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IUPUI Study Links Juveniles’ Views of Police with Likelihood of Aggressive Behavior

 

Psychology IUPUI Study Links Juveniles’ Views…

Published: September 22, 2017.
Released by Indiana University-Purdue University Indianapolis School of Science  

INDIANAPOLIS — Although many juvenile offenders report that they believe they have experienced police injustice, little has been known about how this perception of police injustice may impact future behavior.

A new Indiana University-Purdue University Indianapolis study of juvenile offenders finds that when youth perceive police injustice, it affects not only how they view the justice system, but also their rates of aggression.

The study found that youth who tended to justify behaviors that violate general moral standards, such as believing it is OK to lie or fight, were also more likely to be aggressive. However, this relationship was found only among juvenile offenders who also reported high levels of perceived police injustice.

“Future aggression appears to be highest among youth who do not believe that ethical standards apply to them, which we refer to as moral disengagement, but only when they also perceive injustice by police,” said clinical psychologist Tamika Zapolski, the lead author of the study.

“We need to understand the contexts in which these juvenile offenders live so we can foster things like community policing to counter perceptions such as ‘the police are out to get me’ or ‘the police hate everyone in my neighborhood,'” she said.

Zapolski is an assistant professor of psychology in the School of Science at IUPUI and directs PRISM, the Prevention Research in Substance Use and Minority Health Lab in the School of Science. PRISM focuses on risk for substance use and other health behaviors among African-Americans.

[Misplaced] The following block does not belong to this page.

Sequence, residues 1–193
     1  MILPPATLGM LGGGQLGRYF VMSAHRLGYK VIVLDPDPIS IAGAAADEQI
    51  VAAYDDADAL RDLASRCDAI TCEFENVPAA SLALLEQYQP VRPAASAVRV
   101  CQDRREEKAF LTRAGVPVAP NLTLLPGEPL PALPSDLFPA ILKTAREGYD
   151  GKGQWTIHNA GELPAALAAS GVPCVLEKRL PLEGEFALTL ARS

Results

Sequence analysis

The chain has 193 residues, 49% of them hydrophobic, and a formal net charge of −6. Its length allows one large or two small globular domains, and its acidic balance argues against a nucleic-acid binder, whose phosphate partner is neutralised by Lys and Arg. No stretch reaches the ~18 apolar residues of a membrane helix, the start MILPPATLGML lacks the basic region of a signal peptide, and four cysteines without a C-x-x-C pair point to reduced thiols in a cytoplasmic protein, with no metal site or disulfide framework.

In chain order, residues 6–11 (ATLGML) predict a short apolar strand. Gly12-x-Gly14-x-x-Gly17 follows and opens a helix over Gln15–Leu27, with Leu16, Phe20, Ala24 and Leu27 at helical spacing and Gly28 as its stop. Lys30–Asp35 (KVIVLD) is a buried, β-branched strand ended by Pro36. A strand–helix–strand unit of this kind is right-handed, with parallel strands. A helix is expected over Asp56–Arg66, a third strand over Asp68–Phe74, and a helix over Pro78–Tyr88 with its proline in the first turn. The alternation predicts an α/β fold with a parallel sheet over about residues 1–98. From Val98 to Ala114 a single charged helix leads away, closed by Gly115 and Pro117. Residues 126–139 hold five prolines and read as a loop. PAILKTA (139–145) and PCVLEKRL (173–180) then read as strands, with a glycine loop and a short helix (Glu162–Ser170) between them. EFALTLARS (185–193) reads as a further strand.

“Other studies have looked at community views of police officers and how that impacts juvenile offenders’ behavior and recidivism,” said study co-author Matthew Aalsma. “What this study adds is the insight that moral disengagement, or believing ethical standards don’t apply to you, when combined with perceptions of negative interactions with police officers, is associated with increased aggression.” Aalsma is a juvenile forensic psychologist and a professor of pediatrics and psychology at Indiana University School of Medicine.

The study surveyed 95 juvenile offenders. The researchers concluded that intervention programs that address perceptions of perceived police injustice as well moral disengagement may be beneficial at reducing aggression among youth involved in the juvenile justice system.

“Perceived Police Injustice, Moral Disengagement, and Aggression Among Juvenile Offenders: Utilizing the General Strain Theory Model?” is published in Child Psychiatry Human Development. Authors in addition to Zapolski and Aalsma are Devin E. Banks of the School of Science at IUPUI and Katherine Lau of State University of New York at Oneonta.


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